I'm not special.
Last Tuesday I was sitting in San Francisco International Airport, waiting to board my flight to speak at TEDxPlazaCibeles in Madrid and the man sitting next to me asked, "What do you do?"
I responded, "I lead a social movement changing the notion that college is the only path to success." Before I could say that the movement was called UnCollege, he said, "Oh you got one of those $100,000 fellowships, didn't you?"
I was impressed, but dismissed it as a matter of coincidence. I figured that the Thiel Fellowship was better publicized in Silicon Valley--the heart of technology entrepreneurship--than in other parts of the world. But while I was in Madrid the same thing happened. At dinner, the wife of one of the speakers again asked what I do, and I responded with the same line. She exclaimed, "I heard you on National Public Radio last week!" I was shocked.
Five months ago, before UnCollege, before the Thiel Fellowship , before speaking at conferences, before being interviewed on a regular basis by national media outlets, this wouldn't have happened. Before I left college, one of my fellow classmates wrote me an email telling me I had "fallen into an elaborate fantasy and need to wake up." Yes, I live in a dream world, but why do I need to wake up? While my "fantasy" continues I'm going to have as big an impact as possible.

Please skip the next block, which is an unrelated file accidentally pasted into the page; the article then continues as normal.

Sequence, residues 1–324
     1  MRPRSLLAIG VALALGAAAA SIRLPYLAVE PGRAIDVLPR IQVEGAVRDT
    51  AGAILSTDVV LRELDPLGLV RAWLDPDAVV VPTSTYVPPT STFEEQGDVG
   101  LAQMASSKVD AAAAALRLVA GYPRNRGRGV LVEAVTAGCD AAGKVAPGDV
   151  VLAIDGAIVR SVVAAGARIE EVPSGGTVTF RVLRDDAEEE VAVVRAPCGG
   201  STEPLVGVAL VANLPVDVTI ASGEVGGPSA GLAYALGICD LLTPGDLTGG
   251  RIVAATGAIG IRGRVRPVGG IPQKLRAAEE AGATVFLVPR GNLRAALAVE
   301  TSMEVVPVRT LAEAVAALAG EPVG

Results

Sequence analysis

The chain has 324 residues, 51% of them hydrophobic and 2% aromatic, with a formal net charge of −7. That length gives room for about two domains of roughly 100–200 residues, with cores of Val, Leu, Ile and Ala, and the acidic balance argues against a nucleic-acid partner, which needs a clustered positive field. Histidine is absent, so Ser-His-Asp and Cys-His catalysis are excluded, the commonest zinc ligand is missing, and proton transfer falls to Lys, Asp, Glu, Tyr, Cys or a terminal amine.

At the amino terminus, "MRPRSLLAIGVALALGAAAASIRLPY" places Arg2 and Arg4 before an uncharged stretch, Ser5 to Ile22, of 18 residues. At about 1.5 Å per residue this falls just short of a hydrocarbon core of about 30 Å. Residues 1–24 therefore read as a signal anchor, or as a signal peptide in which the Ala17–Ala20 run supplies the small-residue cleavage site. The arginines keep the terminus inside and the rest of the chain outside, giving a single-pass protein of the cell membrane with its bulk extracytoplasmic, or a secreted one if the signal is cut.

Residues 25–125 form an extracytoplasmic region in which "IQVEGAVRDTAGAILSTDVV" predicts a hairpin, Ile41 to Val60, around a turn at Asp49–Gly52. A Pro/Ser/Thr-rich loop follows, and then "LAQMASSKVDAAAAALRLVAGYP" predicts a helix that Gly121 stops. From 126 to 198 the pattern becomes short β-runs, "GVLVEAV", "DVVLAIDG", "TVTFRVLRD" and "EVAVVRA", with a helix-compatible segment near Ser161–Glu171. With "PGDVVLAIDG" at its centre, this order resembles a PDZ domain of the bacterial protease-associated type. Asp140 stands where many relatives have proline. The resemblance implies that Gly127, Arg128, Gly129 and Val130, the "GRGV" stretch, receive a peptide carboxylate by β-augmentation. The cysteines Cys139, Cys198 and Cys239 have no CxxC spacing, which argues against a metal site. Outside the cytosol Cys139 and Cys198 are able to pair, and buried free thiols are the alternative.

For me, impact means empowering everyone to hack their education and change the world, irrespective of the letters after your name. UnCollege, the social movement I lead, is developing resources and a community to help students take their education beyond the real world. I'm an evangelist for RadMatter, the platform revolutionizing how people and institutions develop and demonstrate talent. I'm writing a book that gives people a framework to gain the street skills requisite for success in today's global entrepreneurial economy.
Naysayers like to dismiss me as an outlier, telling me I'm the 1% of the population that can succeed without a college degree. That's false. I didn't start out with any special connections, I didn't go to an Ivy League school, I'm not a genius, my parents aren't rich, and I didn't graduate from college at 14. If you call me "special" it's only because I learned early to live by the words of Mark Twain and "have never let my schooling interfere with my education."
Dale Stephens was homeschooled and then unschooled. Now he wants to build a platform called RadMatter to revolutionize how we develop and demonstrate talent in the 21st century. At 19, he is a non-conformist in most aspects of his life.